Insects such as aphids, whiteflies and mealybugs feed on strawberries. Spray insecticide weekly to control pests.

Fall Bearing strawberries

The earliest ripe crop comes in August and lasts till December. Plant four seeds per hill. Thin to 8 inches apart. Apply fertilizer according to instructions. Organic practices are recommended.

Day-neutral strawberries

These produce a continuous supply of sweet berries that can last several weeks on your countertop. They need only light shade and regular watering. These strawberries do best in cooler climates.

Indeterminate Strawberries

Plant six to eight seeds per hill. Space plants 30 inches apart. This variety is ideal for small gardens because it produces large quantities of berries without requiring much space. It also has good disease resistance.

A hybrid cross between day-neutrals and ever-bearers. Produces medium sized berries which mature early. Good choice for home gardeners who want lots of berries but don’t have room for many rows of plants.

Semi-dwarf Strawberries

Produce high yields of delicious berries. A semi-dwarf variety will reach maturity in 60 to 70 days. Plant five seeds per hill. Space 15 inches apart.

Short Day Strawberries

They bear earlier than most other kinds. Start picking in April. Short day strawberries are very easy to grow. They prefer cool weather and moist conditions.

Growing Strawberries Indoors

You can grow strawberries indoors using pots filled with potting mix. Fill the container with peat moss and add enough sand to make sure drainage holes remain open. Add composted manure mixed with equal parts vermiculite. Cover the mixture with clear polyethylene sheeting secured with staples. Set the pot outside in partial shade and mist frequently. Once the plants begin to flower, move them to a sunny spot outdoors.

In fact, pots, cans and other containers are a great way to grow strawberries. Potting them is quite easy to do yourself in minutes!

Just feed and water your container-growing strawberry plants regularly and enjoy strawberries throughout the summer. Clay pots designed for growing strawberries work best with special pockets on the sides for multiple strawberry plants.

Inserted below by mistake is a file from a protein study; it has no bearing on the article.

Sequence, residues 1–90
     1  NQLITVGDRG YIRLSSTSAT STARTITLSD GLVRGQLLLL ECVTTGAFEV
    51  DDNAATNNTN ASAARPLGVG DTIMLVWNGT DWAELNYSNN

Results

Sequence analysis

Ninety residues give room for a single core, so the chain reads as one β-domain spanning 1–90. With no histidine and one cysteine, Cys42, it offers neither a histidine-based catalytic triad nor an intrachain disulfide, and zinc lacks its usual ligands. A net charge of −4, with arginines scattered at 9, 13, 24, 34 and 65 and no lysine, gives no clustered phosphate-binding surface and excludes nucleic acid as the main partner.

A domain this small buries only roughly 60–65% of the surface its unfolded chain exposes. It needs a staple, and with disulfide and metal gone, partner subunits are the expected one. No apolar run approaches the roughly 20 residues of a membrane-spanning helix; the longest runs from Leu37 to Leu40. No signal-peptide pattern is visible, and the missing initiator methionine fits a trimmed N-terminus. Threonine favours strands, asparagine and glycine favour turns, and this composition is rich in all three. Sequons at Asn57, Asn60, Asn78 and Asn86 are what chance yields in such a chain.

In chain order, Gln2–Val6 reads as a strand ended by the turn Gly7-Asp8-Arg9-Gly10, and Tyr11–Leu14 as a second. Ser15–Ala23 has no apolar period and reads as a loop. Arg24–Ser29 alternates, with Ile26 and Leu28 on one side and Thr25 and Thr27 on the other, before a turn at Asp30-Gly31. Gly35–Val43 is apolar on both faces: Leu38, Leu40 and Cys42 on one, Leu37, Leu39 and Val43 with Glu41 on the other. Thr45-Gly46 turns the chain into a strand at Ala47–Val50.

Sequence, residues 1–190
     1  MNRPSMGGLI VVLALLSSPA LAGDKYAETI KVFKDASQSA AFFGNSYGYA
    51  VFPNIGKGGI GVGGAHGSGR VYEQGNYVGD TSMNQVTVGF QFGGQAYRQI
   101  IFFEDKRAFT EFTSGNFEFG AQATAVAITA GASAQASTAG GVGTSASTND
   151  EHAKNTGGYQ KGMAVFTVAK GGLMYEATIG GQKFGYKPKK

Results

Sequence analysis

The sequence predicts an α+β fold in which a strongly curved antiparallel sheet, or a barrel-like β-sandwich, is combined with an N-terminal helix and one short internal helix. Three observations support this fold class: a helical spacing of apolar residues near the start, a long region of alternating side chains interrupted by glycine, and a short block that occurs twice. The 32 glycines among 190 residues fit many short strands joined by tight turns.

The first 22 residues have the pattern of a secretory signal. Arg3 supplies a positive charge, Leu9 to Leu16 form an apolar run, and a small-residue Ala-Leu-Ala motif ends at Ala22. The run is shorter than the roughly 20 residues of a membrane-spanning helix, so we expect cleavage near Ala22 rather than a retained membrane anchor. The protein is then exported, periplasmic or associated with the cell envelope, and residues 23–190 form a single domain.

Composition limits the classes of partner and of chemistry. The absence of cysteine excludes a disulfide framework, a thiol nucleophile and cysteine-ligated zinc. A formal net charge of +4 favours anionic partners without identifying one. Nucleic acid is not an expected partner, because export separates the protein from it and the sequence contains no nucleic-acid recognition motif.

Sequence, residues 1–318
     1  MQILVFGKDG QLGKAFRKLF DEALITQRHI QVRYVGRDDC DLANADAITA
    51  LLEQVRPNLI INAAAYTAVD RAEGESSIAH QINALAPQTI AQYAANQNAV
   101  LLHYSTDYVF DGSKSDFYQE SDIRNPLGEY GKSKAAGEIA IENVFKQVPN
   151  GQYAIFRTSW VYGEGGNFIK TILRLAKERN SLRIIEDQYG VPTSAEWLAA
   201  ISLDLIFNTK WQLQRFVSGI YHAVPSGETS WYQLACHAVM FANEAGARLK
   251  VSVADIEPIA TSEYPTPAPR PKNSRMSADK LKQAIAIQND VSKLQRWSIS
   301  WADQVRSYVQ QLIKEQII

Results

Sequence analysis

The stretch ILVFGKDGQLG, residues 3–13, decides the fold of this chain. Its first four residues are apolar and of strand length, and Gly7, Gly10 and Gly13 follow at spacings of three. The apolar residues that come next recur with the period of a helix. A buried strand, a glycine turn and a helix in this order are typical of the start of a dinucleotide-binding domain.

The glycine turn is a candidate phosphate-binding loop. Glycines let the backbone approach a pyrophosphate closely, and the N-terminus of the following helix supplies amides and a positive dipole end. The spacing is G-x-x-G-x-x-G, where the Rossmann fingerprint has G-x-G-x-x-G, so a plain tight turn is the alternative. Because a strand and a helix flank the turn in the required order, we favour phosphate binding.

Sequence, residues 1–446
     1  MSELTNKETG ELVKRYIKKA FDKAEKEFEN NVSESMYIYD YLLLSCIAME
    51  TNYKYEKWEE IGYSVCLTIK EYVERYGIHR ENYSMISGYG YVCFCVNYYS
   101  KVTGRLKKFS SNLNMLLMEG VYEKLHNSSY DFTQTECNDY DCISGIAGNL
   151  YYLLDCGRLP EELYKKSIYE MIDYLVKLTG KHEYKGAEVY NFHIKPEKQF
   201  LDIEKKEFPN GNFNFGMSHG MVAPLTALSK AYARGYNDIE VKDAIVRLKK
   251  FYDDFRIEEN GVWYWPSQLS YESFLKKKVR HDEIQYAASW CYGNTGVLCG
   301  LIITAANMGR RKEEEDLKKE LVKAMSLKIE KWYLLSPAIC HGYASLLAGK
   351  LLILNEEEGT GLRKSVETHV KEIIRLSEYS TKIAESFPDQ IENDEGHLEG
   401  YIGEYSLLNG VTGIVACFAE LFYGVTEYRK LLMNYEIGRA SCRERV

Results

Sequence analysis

What you’ll need to Grow Strawberries in Containers or Pots:

  • Strawberry crowns (preferably plants certified as disease free)
  • Strawberry pots or cans
  • Potting soil mix, try to use less acidic soils
  • Window screen (if using cans)
  • Slow release fertilizer

Instructions for Growing Strawberries in Containers:

  1. Choosing Containers – Proper drainage is very important for strawberry plants to grow and produce plenty of fruit. You can either plant them in hanging containers or raise the containers to allow drainage. Any type of clay planter pots that have drainage holes in the bottom and “saucers” to keep the soil from washing away, will work just fine; pick a size that fits the area you intend to grow your strawberries and how many containers you have. You can also use large cans by hammer by punching or drilling several large holes in the bottom with some screen over the holes to prevent soil from washing out through them. Most nurseries and garden centers also sell special strawberry pots which have pockets up and down both sides. If you use the strawberry pots, be sure to fill each one to the lowest pocket with soil. If you use cans, fill them so you have about one-and-a-half inches of the rim still showing. Sunlight is very critical, so be sure you pick a spot that gets between six and eight hours of sunlight per day for best results.
  2. Selecting Strawberry Plants – The two main types of strawberry plants are ever-bearing and seasonal. Either type will work fine for container growing, but if you live in a colder climate then the ever-bearing type may not survive the winter months, so seasonal producing strawberry plants may be your best bet. Ask your local nursery or garden center which variety is recommended for your local climate conditions.